I live for moments like this. The story you are about to read (I hope) isn't only about a refugee or a moment of honor. It is also about a group of Olympic athletes who made a choice based on character and something more compelling: By choosing a teammate who came to the U.S. as a refugee from Sudan, a man who spends a good deal of his time raising awareness of Darfur issues and whose organziation co-founder was denied a Chinese visa based on his political views surrounding Darfur, these athletes made a statement about the integrity of governments, including our own.
The relationship between the U.S., Sudan, and China is complex and a bit nauseating. Many people don't want to know. The members of the 2008 U.S. Olympic Team want to make sure we all take notice. I wonder if George Bush will even give it a thought when Lopez Lomong strides past him at the opening cermonies tomorrow night.
(This story is a composite of several of those issued by wire services today, including CNN, Reuters, AP, and the Times of London. )
Eight years ago, Lopez Lomong didn't have a country. Now he will carry the flag for his adopted nation, leading the U.S. Olympic team into the opening ceremonies Friday.
On Wednesday, Lomong, one of the Lost Boys of Sudan, won the honor of leading America's athletes into the Bird's Nest Stadium in Beijing after a vote by U.S. Olympic team captains from each sport.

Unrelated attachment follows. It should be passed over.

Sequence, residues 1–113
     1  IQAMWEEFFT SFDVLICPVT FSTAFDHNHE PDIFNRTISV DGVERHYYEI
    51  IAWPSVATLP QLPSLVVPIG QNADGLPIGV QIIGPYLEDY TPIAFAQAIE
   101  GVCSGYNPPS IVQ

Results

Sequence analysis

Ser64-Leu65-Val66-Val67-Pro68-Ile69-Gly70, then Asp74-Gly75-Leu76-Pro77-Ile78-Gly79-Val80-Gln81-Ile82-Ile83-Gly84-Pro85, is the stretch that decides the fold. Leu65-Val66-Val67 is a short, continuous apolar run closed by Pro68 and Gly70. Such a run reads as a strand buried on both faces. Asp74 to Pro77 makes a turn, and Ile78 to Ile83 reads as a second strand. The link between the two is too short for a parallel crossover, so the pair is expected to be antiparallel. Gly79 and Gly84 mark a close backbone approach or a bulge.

Lomong, a 1,500-meter runner, will be the flagbearer only 13 months after becoming a U.S. citizen.
Lomong was born in Sudan, but was separated from his parents at gunpoint when he was 6 years old. With the help of friends, he escaped to a refugee camp in Kenya. He lived in the refugee camp for 10 years, and in 2000, he walked five miles to watch the Sydney Olympics on a black and white television. His dream of competing in the Olympics began there.
After watching American athlete Michael Johnson run, Lomong wrote an essay about what he would like to accomplish if given the chance to live in the United States. In 2001, he came to America as part of a program to resettle lost children from war-torn Sudan. He lived with a foster family in New York state. After high school, he went to college in Arizona.
"The American flag means everything in my life -- everything that describes me, coming from another country and going through all of the stages that I have to become a U.S. citizen," Lomong said. "This is another amazing step for me in celebrating being an American. I don't even have the words to describe how happy I am."
He earned his spot on the U.S. team at the Olympic trials on July 6, exactly one year to the day after he got his U.S. citizenship. Last year, he returned to his village and saw his own grave, dug by his family in the absolute certainty that their son was no longer alive.
"In America, everyone has a chance to do all these things," Lomong told the AP. "I'm feeling so blessed to get an opportunity to represent the United States of America, to present the United States flag in front of my team."